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Wednesday, February 04, 2004
What does “history” mean to you? How does it relate to your identity? How do you feel warfare affects culture? What’s the political purpose of the Corrido?
History is the study of past events through analysis of documents, relics, eyewitness accounts, oral traditions, anything and everything. In relation to Acuna’s Chicano History of the Southwest, it is an important and vital political document. A group of people ignorant of their own history is politically crippled. Acuna states that the Southwest and the native Mexicans and Indians who inhabit it have been treated as a conquered, inferior race by Anglo-Americans since the Mexican-American War. He gives each state a chapter, and in each chapter he reveals a pattern of violence and injustices perpetrated against Chicano’s in the name of Anglo progress. The pattern goes like this. Anglos move to Southwestern states. Anglos steal Mexican’s lands by applying their own corrupt real estate system. Mexicans rebel, sometimes violently, sometimes peacefully. Then Anglos subjugate the Mexicans either through violence (the Texas Rangers, lynch mobs), or through corrupt judicial systems and biased laws. Then Mexicans fight back with “banditry” and the cycle continues.
As a Fifth (or Sixth?) generation Spanish colonial born in Brownsville, this article is of great interest to me. It’s difficult to accept the legacy of being a ‘Whitexican’, since in the history Spanish-Mexicans often play both sides against the middle, for example, in New Mexico. Growing up around the de facto Spanish caste system has often been a source of embarrassment. For example, I don't like admitting to growing up wth housekeepers. I’m also rather anglicized. Many of my closest friends are white. In the past this was a source of shame, as well as pride. I often did not feel Mexican enough around family, whatever that means now. I’ve tried to get my family to discuss our genealogy with me. My findings have been interesting but limited. So I’ve taken to investigating Latin American history, and lately, Brownsville history; to figure out my place in the world, where my allegiances lie, and whether that matters anymore. I can be both Mexican-American and Anglo. I guess that’s what Chicano means in a way, though there must be something post-Chicano.
In my brief visits to the Historical Research Center in Brownsville, I learned that in order to understand Brownsville I had to understand the Mexican-American War. Thanks to Acuna’s article I now understand the War to have been an embarrassing loss to Mexico, an easy and ugly victory for the United States, and most interestingly of all, a war that is often glossed over quickly in high school history class. Too quickly, especially, considering how broad the ramifications were. I understand now that Brownsville started off as a peaceful, self-reliant pastoral settlement (From the Paredes quotes in the article), which became an outpost for the U.S. Military (Fort Brown), and then a bustling frontier commercial town when Charles Stillman became its resident (benevolent?) dictator. It’s not that surprising now that there are so many ghost stories in the valley, and Texas as well, considering how much of the West was born out of violence.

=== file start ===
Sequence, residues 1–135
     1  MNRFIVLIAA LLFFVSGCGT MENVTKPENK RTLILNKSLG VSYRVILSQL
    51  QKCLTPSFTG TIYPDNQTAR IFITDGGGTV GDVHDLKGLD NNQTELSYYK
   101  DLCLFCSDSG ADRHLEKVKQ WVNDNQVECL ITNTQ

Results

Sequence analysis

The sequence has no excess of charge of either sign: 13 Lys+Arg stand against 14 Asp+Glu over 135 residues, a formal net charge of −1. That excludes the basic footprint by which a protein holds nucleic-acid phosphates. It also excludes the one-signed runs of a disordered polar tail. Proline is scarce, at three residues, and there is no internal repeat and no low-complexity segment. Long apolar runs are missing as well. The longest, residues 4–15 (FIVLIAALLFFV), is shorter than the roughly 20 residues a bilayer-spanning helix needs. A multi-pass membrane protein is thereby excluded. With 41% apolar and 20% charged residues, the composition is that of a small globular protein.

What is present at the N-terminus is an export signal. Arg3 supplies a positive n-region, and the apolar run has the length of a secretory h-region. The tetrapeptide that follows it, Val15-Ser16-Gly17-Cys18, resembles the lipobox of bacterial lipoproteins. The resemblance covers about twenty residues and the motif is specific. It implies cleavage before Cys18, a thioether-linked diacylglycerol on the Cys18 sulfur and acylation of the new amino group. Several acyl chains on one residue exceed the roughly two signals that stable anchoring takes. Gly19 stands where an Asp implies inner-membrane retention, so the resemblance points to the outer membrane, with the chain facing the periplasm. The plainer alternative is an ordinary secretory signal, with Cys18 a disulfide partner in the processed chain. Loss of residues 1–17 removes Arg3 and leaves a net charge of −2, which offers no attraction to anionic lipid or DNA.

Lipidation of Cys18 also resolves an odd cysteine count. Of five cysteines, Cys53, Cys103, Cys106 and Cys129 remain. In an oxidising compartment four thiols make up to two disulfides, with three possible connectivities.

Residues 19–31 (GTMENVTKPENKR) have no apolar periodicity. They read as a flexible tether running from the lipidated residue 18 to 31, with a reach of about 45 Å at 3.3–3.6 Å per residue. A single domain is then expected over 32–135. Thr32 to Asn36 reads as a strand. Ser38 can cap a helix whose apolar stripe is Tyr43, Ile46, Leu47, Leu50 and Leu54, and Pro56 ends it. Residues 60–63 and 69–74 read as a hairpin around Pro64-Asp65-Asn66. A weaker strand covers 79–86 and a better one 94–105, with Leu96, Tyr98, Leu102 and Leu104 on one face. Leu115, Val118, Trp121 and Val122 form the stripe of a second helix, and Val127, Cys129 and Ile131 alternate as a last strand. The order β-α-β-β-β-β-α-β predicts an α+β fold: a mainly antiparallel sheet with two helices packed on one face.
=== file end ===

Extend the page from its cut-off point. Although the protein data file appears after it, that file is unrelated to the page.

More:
I remember in class we spoke of how authors from conquered lands tend to emphasize their virility. I wonder if this also accounts for all the horror nerds and metal fans that I know in the valley. I was strongly influenced a few years back by a book called, The Monster Show: A Cultural History of Horror, by David J. Skal. One of his central ideas is that horror, as a genre, emerged greatly as a reaction to warfare as well as technological anxiety in the twentieth century. I guess the Corrido, and the cultivating of legendary heroes, thereabout, is part of the Mexican’s reaction to violent Anglo subjugation in the nineteenth century. (The only horror movie I can think of that comments on the Mexican-American War, and Manifest Destiny in general, is Ravenous. In the movie cannibalistic soldiers eat the flesh of other people in order to absorb their virility, much like the white man stole the lands of other peoples and therefore stole their livelihood.)
I am aware that the juxtaposition of Corridos and horror movies is almost offensive to some. But they're both different responses to violent or sudden change. Corridos are about pride. They’re about uplifting the souls of the downtrodden through a romantic look at history. I heard the “Corrido of Gregorio Cortez” online and, for some reason, it was heartbreaking to listen to. Maybe because something so beautiful and earnest about a man who fought the system in the 19th century was being played in a technocratic context. It entered a brain (mine) that’s grown fatalistic about “corporate feudalism” and imperial technocracy, when I entertain such notions about ‘the big picture’. It expressed simple humanity in a world full of funhouse mirrors. Maybe I just missed Brownsville.
On the other hand horror is about waking people up. Its visceral, cathartic and in a world becomig noiser and noiser with media distractions a good science fiction or horror movie with underlying social commentary can be a welcome release from the burdens of the post-modern world. Or at the very least it can be entertainment with a brain.
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